Actions speak louder than words.  Your words may cry “Lord, Lord” (Matthew 7:21) and your lips may sing hymns every Sunday.  But what does the “body language” of your actions say?  What side of the door you stand on is not a choice that is made once, either on the day you confess Christ or the day you are baptized.   It is a choice that must be made every day up till that last and final day.

You can’t know when that day will be.  Here’s the question you need to be concerned with–where do you stand right now?

Marcellino D'Ambrosio, Ph.D.


Dr. Marcellino D’Ambrosio writes from Texas. For info on his resources and pilgrimages to Rome and the Holy Land, visit or call 800.803.0118.

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  • BillinJax

    Thank you Dr. D’Ambrosio,

    That was a wonderful presentation of the Truth of the scriptures.

    In our response to the Father’s call we take three things into account. We
    must believe that God loves us. This gives us faith in His word. We must trust
    in His judgment for He is omnipotent and He alone can in absolute truth judge
    the hearts of men. We must also be willing to change from our characteristics as
    fallen humanity and become a new creation in Christ thereby living our lives
    for the sake of the eternal one who loves us, our redeeming creator. We leave
    behind our old self and the shackles sin placed upon us….every day of our lives.

  • lightedlamp97

    People are attracted to authenticity. When you come to know Christ, you put on the new man. Just like a game of baseball, you’ve got to show up and step to the plate to be seen. Look around your parishes, who has on their uniform. Our physical appearance at mass is one of the first things I look at. We should wear the best of what we have at Mass. How many people dress very well for work everyday but, toss on a pair of jeans for Mass? This speaks volumes about our hearts.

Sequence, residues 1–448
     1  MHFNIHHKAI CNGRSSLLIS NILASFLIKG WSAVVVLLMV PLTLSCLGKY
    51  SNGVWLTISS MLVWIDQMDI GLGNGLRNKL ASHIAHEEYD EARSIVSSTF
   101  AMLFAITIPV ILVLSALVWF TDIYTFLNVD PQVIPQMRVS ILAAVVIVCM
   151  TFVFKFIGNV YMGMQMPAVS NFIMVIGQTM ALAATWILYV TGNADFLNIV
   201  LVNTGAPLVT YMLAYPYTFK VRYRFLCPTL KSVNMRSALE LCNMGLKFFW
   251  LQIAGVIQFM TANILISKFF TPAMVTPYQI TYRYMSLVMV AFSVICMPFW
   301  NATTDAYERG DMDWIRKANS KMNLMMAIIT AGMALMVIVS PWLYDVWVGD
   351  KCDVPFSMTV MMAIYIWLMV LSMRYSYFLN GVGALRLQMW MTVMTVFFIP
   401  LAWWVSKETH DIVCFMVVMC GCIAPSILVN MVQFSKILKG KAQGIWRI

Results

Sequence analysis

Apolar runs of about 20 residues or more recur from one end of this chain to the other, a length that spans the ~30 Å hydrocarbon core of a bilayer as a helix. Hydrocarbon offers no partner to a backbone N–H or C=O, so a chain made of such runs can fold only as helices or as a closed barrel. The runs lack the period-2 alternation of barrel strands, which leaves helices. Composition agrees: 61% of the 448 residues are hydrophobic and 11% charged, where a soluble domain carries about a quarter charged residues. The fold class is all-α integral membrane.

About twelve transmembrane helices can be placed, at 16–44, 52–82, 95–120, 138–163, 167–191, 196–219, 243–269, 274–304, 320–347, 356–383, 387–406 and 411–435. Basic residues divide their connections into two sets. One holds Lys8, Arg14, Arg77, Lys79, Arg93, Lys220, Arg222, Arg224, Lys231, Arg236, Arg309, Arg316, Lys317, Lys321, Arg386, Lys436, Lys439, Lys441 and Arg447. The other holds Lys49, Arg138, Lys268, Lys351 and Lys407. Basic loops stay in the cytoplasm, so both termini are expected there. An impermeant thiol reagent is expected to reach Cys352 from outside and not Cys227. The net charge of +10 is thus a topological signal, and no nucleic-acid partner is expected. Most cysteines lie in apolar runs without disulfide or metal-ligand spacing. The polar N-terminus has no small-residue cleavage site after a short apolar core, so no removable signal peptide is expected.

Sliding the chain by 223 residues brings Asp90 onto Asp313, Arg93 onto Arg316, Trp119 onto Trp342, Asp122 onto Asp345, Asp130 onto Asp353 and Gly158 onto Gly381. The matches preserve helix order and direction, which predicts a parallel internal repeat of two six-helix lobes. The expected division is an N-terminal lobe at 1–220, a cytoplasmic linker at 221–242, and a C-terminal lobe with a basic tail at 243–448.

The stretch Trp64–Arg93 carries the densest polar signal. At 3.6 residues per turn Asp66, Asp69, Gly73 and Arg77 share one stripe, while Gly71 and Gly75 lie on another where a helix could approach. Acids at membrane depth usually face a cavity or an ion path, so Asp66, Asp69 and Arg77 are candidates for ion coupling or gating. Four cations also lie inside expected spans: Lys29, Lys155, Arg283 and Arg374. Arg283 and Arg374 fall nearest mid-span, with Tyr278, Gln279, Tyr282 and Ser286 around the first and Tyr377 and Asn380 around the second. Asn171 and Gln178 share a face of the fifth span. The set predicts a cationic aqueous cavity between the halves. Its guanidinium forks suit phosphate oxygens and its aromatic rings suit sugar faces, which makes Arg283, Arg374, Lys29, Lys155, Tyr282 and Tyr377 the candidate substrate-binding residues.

• harryreyhing

    Great I love it.Finally a Catholic spoke the truth.That hell is real and very populated and Jesus is the only way to heaven.This is Bible and catholic teachings for 2000 years UNTIL some ambiguous statements in vat 2 documents that were taken outofc ontext by certain liberal theologians tosu ggest neo universalism or hellis almost empty nonsense.thanks for speaking the truth

  • Kasey Dougge

    Is your opinion not in contradiction of the catholic teaching, if you are implying that only Catholics, or Christians can be saved (enter heaven)? This is a misunderstanding of church doctrine, is unfortunately wide spread. It does not need further nurturing.

    Throughout the history of the Church, the Magisterium has accepted and synthesized these teachings. Recognizing that God will judge our hearts according to the gifts we have received, invincible ignorance — that is, ignorance which cannot be overcome by ordinary means — tempers divine justice. Those who have knowledge of the truth are expected to accept it. Those who have not been given this gift will be judged according to the law written on their hearts. Two noteworthy examples of this position are found in Pope Boniface VIII’s bull Unam Sanctam and Pope Pius IX’s encyclical Quanto Conficiamur Moerore.